The expression vector can contain a transcriptional terminator located downstream of the heterologous gene for efficient formation of mRNA 3′ end. Terminators can be those from TRP1, ADH1, GAP, MFα1, and CYC1. Ibid.

3.2. The Heterologous Coding Sequence Expressed in S. cerevisiae

A coding sequence encoding a protein, a polypeptide, or a peptide can be put under the control of the control region in the DNA expression vector. The coding sequence can encode a eukaryotic, prokaryotic, or viral amino acid sequence.

Due to the degeneracy of the genetic code, a large number of different encoding nucleic acid sequences can be used to code for a particular amino acid sequence. The degeneracy of the genetic code arises because almost all amino acids are encoded by different combinations of nucleotide triplets or “codons”. Amino acids are encoded by codons as follows:

A = Ala = Alanine: codons GCA, GCC, GCG, GCU C = Cys = Cysteine: codons UGC, UGU D = Asp = Aspartic acid: codons GAG, GAU E = Glu = Glutamic acid: codons GAA, GAG F = Phe = Phenylalanine: codons UUC, UUU G = Gly = Glycine: codons GGA, GGC, GGG, GGU H = His = Histidine: codons CAC, CAU I = Ile = Isoleucine: codons AUA, AUC, AUU K = Lys = Lysine: codons AAA, AAG L = Leu = Leucine: codons UUA, UUG, CUA, CUC, CUG, CUU M = Met = Methionine: codon AUG N = Asn = Asparagine: codons AAC, AAU P = Pro = Proline: codons CCA, CCC, CCG, CCU Q = Gln = Glutamine: codons CAA, CAG R = Arg = Arginine: codons AGA, AGG, CGA, CGC, CGG, CGU S = Ser = Serine: codons AGC, AGU, UCA, UCC, UCG, UCU T = Thr = Threonine: codons ACA, ACC, ACG, ACU V = Val = Valine: codons GUA, GUC, GUG, GUU W = Trp = Tryptophan: codon UGG Y = Tyr = Tyrosine: codons UAC, UAU

If desired, expression of a heterologous polypeptide in a particular host can be enhanced through codon optimization. Codon optimization includes use of more preferred codons. Techniques for codon optimization in different hosts are well known in the art.

Codon optimization for a particular host is performed by replacing codons having a low or moderate usage level with codons having a high usage level. The percentage of optimal codons present in an encoding sequence can vary. In different embodiment the number of optimal codons (including codons initially present and codons introduced) is at least 50%, at least 75%, at least 95%, or 100% of the total number of codons.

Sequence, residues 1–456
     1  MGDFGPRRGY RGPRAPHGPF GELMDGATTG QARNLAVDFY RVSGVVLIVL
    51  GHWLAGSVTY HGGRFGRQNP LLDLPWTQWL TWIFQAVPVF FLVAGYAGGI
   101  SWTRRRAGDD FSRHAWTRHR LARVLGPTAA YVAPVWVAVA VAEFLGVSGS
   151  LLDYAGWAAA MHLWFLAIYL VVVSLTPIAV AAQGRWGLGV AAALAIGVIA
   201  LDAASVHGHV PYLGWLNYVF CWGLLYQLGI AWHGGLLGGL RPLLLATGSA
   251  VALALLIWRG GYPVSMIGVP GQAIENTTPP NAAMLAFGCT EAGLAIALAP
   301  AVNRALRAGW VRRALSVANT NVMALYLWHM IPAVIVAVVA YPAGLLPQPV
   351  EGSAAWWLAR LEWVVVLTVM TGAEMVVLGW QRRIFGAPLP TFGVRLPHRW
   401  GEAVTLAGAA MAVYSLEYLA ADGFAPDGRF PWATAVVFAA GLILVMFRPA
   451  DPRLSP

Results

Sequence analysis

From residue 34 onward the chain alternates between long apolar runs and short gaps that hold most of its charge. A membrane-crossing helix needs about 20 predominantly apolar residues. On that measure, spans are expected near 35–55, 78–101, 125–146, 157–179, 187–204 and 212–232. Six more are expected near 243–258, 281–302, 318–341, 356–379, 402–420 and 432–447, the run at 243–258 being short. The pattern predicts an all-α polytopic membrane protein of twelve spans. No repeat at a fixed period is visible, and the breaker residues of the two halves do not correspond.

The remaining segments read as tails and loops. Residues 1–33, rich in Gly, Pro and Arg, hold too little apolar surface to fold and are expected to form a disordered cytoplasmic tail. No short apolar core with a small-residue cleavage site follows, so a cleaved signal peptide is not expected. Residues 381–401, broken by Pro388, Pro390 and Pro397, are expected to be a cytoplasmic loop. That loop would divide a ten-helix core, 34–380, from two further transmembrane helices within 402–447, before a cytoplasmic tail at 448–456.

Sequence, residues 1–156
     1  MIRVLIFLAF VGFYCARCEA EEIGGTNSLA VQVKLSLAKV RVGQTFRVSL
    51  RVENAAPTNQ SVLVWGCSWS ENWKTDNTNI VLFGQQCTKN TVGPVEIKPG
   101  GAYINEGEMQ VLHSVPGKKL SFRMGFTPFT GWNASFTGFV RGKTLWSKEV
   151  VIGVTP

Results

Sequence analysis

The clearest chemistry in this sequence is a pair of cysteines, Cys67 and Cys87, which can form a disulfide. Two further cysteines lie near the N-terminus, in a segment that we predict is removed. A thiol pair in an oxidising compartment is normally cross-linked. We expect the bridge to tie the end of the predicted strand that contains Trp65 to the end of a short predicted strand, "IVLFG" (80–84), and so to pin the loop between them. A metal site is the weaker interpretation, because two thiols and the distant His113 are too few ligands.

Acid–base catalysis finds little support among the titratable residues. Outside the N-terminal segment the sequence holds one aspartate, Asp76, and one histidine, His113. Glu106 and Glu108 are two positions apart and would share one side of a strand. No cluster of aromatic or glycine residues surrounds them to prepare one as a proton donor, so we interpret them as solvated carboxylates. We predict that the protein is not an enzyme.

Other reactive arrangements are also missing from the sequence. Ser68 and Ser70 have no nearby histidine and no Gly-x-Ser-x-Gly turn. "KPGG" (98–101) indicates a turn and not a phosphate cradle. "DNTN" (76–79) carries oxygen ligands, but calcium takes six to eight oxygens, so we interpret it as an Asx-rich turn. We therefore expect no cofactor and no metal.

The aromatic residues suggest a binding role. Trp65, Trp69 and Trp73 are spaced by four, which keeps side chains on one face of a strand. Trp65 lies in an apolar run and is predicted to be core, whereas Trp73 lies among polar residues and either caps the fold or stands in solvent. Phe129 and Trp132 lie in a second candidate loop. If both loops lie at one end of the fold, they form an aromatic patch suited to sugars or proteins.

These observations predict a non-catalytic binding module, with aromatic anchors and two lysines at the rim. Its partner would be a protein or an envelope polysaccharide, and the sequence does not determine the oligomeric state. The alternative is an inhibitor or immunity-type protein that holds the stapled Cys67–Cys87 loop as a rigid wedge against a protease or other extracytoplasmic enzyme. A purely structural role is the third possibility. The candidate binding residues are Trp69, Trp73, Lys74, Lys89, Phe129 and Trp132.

Codon optimization can be performed as follows:

1. For a particular codon, compare the wild-type codon frequency to overall codon frequency of use by yeast genes.

2. If the codon is not one of those commonly employed by yeast, replace it with an optimal codon for high expression in yeast cells.

3. Repeat steps (1) and (2) for different codons until achieving the desired level of codon optimization.

4. Inspect the new coding sequence for undesired sequences generated such as unwanted restriction enzyme sites, splice sites, promoters, undesirable palindrome or repeat sequences, transcription terminator sequences, and high frequency of GC bases. Remove undesired sequences using an alternative codon.

Alternative codon usage is defined by Lathe J. Molec. Biol., 183:1-12, 1985. Codon usage in different yeast hosts is well known in the art. For example, Sharp et al., Yeast 7:657-678, 1991, describes synonymous codon usage in Saccharomyces cerevisiae.

Yeast expression can be achieved using both optimized sequences and sequences not optimized for yeast expression.

Techniques for recombinant gene production, introduction into a cell, and recombinant gene expression are well known in the art. Examples of such techniques are provided in references such as Ausubel, Current Protocols in Molecular Biology, John Wiley, 1987-2002, and Sambrook et al., Molecular Cloning, A Laboratory Manual, 2nd Edition, Cold Spring Harbor Laboratory Press, 1989.

EXAMPLES

Examples are provided below to further illustrate different features of the present invention. The examples also illustrate useful methodology for practicing the invention. These examples do not limit the claimed invention.